LOCATION:Channel Islands National Park
DOCKET NO.: 76-6767
DECIDED BY: Burger Court (1975-1981)
LOWER COURT: United States Court of Appeals for the District of Columbia Circuit
CITATION: 436 US 128 (1978)
ARGUED: Mar 01, 1978
DECIDED: May 15, 1978
John A. Shorter, Jr. – for petitioners
Richard A. Allen – for respondent
Media for Scott v. United States
Audio Transcription for Opinion Announcement – May 15, 1978 in Scott v. United States
William H. Rehnquist:
The second of the cases is number 76-6767, Scott against United States.
It involves criminal convictions which were affirmed by the Court of Appeals for the District of Columbia circuit.
Government agents obtained judicial authorization under Title III of the Omnibus Crime Control and Safe Streets Act of 1968 to conduct a wiretap, at a residence in the Washington DC area in connection with the suspected drug conspiracy.
The agents were required under the terms of both of the statute and the Court authorization to conduct the wiretap in such a way as to minimize the interception of communications not otherwise subject interception under Title III.
During a one month period the agents intercepted virtually all conversations over the tapped phone.
On petitioner’s motion that is the defendant in the case, the District Court ordered the suppression of all intercepted conversations and evidence which had been derived from those conversations relying largely on the fact that the agents had in his opinion made no attempt to comply with the minimization order.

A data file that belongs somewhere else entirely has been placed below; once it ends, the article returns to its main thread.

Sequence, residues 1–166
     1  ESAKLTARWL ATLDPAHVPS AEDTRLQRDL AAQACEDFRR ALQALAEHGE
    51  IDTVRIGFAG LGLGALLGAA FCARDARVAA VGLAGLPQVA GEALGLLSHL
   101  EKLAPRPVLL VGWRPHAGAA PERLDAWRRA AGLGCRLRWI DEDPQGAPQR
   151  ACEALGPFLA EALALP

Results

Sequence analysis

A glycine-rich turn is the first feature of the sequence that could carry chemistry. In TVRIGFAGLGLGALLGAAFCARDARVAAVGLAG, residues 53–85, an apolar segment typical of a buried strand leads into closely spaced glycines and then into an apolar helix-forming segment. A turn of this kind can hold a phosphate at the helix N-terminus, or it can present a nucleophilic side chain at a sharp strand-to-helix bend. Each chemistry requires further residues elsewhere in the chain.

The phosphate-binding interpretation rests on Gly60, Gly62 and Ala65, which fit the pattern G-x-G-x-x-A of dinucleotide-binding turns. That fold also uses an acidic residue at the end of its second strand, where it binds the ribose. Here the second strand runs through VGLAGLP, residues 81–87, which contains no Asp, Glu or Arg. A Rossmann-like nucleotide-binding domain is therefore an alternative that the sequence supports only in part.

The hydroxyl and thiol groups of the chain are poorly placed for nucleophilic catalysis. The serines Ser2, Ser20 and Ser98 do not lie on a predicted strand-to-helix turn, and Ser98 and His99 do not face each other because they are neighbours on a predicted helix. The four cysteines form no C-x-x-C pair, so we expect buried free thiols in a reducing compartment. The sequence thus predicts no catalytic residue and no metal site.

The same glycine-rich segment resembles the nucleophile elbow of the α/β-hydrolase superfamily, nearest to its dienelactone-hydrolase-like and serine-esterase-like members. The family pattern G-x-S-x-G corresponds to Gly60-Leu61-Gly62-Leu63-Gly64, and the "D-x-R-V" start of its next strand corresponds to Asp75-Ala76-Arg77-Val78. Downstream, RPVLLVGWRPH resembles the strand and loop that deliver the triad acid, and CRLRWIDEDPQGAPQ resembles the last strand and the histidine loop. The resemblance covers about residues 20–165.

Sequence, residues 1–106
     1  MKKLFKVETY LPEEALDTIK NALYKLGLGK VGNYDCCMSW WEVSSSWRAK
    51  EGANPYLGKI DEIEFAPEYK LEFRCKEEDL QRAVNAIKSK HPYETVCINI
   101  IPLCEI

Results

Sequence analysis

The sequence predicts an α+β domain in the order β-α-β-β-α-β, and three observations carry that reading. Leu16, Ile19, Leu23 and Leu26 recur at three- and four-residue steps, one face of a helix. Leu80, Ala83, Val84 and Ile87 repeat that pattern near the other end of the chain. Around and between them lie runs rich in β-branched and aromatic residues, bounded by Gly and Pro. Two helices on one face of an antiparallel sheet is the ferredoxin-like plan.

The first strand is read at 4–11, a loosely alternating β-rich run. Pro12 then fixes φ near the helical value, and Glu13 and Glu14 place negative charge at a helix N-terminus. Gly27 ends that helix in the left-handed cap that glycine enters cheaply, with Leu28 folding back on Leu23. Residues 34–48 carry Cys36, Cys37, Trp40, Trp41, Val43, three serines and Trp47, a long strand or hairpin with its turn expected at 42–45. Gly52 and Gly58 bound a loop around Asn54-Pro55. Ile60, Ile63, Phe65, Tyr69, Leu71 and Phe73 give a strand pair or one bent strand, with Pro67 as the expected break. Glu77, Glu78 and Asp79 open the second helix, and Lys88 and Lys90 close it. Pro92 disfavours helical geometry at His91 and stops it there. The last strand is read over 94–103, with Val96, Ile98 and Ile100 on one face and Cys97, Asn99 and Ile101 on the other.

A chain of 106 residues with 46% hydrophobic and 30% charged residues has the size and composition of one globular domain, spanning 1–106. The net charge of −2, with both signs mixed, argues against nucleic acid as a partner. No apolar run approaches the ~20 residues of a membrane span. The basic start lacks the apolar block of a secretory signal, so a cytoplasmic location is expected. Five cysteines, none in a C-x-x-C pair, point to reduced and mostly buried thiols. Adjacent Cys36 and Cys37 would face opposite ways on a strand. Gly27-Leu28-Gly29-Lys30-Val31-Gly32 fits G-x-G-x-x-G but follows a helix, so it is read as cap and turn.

The Court of Appeals reversed and remanded.
It held that the first inquiry should not have been the subjective intent of the agents, but rather the reasonablenesses measured by an objective standard of the actual interceptions and that under that standard there was no statutory or constitutional violation.
Upon remand the petitioners were convicted on the substantive offenses.
The Court of Appeals affirm their convictions and we granted certiorari.
In an opinion filed today with the clerk, we affirm the judgment of the Court of Appeals.
As both the constitutional and statutory matter, the first step in evaluating compliance with minimization requirement, like evaluation of all alleged violations of the Fourth Amendment is to objectively asses the agents or officers conduct in light of the facts and circumstances confronting at the time without regard to his underlying intent or motive.
The Court of Appeals properly applied that standard in correctly concluded that neither statutory nor constitutional bounds have been exceeded.
We therefore affirm its judgment.
Mr. Justice Brennan whom Mr. justice Marshall joins has filed an opinion dissenting.